Do universities meet the needs of society?

Here is the view of an eminent historian. “… the historian of the 20C notes the love of the conglomerate. Originally used for business, the word denotes here the wish to mix pleasures, activities, and other goods so as to find them in one place.” … …

“The conglomerate that best fulfilled the idea of the time was the course offering of the large colleges and universities. It had ceased to be a curriculum, of which the dictionary definition is: ‘a fixed series of courses required for graduation.’

Qualified judges called the (current) catalogue listings a smorgasbord and not a balanced meal. And large parts of it were hardly nourishing. The number of subjects had kept increasing, in the belief that any human occupation, interest, hobby, or predicament could furnish the substance of an academic course.

It must therefore be available to young and old in higher learning. From photography to playing the trombone and from marriage to hotel management, a multitude of respectable vocations had a program that led to a degree. On many a campus one might meet a student who disliked reading and had ‘gone visual,’ or be introduced to an assistant professor of family living.”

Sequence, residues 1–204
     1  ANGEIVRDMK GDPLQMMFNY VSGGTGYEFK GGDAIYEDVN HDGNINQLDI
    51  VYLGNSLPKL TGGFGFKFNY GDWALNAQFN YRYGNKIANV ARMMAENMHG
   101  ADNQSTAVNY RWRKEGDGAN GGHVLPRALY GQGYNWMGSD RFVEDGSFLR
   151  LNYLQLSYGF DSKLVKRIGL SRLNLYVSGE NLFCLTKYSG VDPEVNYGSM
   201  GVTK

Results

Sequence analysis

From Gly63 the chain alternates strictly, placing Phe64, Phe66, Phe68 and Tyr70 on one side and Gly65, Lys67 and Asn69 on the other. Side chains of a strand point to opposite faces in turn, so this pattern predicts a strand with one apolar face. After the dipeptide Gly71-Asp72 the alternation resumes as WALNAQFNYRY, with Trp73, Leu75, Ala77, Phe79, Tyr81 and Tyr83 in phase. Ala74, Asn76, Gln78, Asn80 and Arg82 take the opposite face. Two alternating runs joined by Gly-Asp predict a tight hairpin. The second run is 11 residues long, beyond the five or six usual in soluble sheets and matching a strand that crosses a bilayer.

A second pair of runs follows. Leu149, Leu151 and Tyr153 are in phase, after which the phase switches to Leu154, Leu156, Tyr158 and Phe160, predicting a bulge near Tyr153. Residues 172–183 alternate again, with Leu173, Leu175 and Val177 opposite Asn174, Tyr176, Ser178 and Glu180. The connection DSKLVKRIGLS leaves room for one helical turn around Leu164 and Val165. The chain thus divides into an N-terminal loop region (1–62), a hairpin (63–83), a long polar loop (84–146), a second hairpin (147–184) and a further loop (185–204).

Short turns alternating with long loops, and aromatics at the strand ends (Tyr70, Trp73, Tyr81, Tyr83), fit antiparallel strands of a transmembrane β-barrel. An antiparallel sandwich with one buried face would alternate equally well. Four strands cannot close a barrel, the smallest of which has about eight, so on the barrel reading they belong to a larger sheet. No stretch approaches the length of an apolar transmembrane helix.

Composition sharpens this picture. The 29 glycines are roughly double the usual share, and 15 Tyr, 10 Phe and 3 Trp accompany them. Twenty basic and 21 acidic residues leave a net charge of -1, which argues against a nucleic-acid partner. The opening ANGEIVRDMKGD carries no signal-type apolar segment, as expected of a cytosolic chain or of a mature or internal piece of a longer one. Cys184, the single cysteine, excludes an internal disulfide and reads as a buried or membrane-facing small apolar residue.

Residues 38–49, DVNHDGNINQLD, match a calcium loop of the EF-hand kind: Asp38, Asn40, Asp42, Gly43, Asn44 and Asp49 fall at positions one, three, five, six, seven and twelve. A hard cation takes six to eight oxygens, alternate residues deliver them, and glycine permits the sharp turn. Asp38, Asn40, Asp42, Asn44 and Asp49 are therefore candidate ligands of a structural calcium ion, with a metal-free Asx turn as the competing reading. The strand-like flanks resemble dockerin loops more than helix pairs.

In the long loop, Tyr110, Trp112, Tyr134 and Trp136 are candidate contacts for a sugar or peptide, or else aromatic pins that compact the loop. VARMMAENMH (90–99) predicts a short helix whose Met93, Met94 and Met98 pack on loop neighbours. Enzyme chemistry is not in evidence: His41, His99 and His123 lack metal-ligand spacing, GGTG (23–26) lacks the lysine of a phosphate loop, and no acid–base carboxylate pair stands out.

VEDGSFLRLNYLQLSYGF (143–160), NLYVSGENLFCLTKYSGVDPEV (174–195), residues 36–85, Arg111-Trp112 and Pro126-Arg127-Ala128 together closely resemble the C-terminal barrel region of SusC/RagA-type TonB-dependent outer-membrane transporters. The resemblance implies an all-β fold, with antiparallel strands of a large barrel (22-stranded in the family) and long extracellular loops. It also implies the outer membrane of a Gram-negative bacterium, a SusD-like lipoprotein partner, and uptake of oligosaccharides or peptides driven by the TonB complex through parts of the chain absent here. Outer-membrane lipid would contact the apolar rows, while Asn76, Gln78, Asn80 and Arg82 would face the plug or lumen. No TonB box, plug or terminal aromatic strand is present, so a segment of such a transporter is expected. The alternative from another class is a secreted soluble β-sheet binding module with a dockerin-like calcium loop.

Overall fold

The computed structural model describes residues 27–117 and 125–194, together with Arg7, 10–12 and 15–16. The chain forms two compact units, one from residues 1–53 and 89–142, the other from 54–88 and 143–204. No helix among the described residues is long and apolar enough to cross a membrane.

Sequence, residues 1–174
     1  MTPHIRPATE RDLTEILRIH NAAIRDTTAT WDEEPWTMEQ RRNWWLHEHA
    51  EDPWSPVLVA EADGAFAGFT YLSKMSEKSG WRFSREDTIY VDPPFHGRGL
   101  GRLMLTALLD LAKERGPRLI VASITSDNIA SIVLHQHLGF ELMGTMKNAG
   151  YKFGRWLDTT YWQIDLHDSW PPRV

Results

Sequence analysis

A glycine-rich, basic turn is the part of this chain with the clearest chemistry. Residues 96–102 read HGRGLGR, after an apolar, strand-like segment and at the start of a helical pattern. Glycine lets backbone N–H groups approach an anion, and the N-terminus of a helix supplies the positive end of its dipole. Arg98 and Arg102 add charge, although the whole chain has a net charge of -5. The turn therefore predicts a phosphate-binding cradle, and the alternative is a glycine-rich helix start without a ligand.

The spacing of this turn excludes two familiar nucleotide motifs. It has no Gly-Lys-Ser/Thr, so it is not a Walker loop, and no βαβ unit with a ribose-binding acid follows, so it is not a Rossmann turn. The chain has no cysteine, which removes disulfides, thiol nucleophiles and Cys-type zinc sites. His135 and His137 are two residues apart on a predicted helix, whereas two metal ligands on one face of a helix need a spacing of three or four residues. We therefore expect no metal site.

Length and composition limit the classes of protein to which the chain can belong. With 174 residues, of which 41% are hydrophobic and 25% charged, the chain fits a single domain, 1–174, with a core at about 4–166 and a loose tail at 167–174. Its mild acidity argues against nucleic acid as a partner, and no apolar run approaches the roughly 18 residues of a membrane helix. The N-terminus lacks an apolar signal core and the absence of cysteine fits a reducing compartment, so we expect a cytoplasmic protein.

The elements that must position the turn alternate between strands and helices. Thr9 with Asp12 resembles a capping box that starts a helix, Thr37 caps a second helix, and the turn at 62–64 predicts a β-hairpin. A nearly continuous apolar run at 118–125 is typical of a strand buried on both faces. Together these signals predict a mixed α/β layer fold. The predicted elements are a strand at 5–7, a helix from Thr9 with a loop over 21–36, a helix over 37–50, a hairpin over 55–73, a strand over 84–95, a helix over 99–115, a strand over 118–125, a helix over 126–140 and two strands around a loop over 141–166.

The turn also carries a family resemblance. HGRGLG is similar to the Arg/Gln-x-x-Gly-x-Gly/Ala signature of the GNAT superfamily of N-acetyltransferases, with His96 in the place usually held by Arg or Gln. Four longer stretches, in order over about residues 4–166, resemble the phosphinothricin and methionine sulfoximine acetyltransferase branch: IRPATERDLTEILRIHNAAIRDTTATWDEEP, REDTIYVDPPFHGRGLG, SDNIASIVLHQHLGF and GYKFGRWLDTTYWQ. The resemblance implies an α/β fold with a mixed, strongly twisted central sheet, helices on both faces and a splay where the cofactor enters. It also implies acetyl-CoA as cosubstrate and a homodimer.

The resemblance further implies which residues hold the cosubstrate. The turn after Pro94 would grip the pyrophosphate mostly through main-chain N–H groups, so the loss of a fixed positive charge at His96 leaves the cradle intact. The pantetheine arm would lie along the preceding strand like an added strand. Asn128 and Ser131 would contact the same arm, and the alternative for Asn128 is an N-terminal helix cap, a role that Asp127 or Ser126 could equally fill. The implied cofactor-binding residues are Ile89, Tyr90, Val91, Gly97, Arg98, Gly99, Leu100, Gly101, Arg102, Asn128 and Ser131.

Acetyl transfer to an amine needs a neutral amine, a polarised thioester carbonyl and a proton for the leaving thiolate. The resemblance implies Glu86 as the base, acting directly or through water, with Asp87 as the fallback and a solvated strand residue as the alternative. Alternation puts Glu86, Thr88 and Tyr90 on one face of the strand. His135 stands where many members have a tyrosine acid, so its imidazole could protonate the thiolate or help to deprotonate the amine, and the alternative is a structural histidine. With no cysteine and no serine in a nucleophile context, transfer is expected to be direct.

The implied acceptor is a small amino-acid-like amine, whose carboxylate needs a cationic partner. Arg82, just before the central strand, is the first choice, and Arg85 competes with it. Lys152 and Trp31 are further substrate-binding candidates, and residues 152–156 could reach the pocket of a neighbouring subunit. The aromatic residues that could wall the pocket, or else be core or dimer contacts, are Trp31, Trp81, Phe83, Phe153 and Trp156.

‘Fifty-some majors, thirty-some concentrations, and hundreds of electives.’ – The Dean of an Ivy League College to arriving students.

‘A university that offers a doctorate in sensibility, including courses in “niceness and meanness” and “mutual pleasurable stimulations of the human nervous system” was (well described) in 1992 as “an academy of carnal knowledge.” – New York Times (1996)
(These are extracts from ‘From Dawn to Decadence – 1500 to the present’ by historian Jacques Barzun. He has published more than a dozen books, and been described ‘As one of the great one-man shows of Western letters.’

One might ask, in the context of the Australian Government’s subsidy to our universities (based on enrolments rather than graduation, or on the utility of the content of courses,) about the taxpayer cost of university courses which do not provide usable skills. Of course, those who seek other kinds of courses can pay for these courses themselves.)